Iowa Senate – Steve Sodders:

Committee work on bills is in full swing. The committees and appropriations sub-committees are not only moving bills, but they are also hearing updates from the various departments and organizations they fund. For example, we had a three hour marathon Appropriations meeting, where we heard from the Board of Regents on funding for the three state universities. Discussed was the new formula for distributing the funds between the three universities that is based partly on the number of Iowa students they are serving.
In the Public Safety meeting, we heard from the Criminal Investigation Crime Lab on Synthetic Cannabinoids. These drugs are complex chemical formulations that are sprayed on plant matter and smoked under the premise that it is synthetic marijuana. These drugs can be hundreds of times more potent than herbal marijuana and are extremely dangerous. The producers change the formulas rapidly to avoid the law and sell these drugs legally in gas stations and other shops around the state.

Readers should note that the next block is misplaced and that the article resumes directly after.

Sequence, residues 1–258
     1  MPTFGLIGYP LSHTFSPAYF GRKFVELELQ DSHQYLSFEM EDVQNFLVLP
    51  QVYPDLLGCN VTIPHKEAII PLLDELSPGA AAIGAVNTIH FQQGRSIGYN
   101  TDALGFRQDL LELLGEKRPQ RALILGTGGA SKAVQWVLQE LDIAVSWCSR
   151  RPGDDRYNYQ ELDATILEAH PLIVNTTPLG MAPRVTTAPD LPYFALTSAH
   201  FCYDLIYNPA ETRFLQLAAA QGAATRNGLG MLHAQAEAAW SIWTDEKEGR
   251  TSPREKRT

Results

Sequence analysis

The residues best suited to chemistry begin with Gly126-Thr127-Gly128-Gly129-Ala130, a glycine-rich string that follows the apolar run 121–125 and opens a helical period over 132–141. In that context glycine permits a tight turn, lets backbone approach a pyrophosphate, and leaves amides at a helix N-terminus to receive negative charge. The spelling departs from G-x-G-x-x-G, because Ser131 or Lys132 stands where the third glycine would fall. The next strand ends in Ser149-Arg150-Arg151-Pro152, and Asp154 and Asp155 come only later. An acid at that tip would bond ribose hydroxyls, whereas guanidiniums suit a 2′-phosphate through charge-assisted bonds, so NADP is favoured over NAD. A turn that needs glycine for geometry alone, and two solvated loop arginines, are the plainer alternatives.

Iowa House – Dawn Pettengill:

What’s happening in the statehouse? Conservation wants us to increase the sales tax another penny. That would take us up to 8 cents on the dollar when you count the school and local penny and 3/8 of that cent would go to Conservation. The House voted to give K-12 education another $80 per pupil, which is another $100 million, but they wanted $240 million. Plus, we have big infrastructure needs and are trying to figure out how to get $210 million more a year of ongoing money into the Road Use Tax Fund.
Almost every conversation involves someone needing money, but the elephant in the room nobody is talking about — the looming dollar increase needed to completely fund Medicaid. In 2011, the federal medical assistance percentage (FMAP) was 63.51%. For every dollar spent, the federal government paid $ .6351. The FMAP has decreased every year and the state has picked up more of the cost each of those years. With 54.91% as the 2016 FMAP, we are expecting to need an additional $150 million over last year to fund it completely for a total of $1,574,569,144. Every budget impacts Iowans, but this one hits the most vulnerable people and there are no busses full of poor people coming to the Capitol to lobby us. We just know we have to take care of them.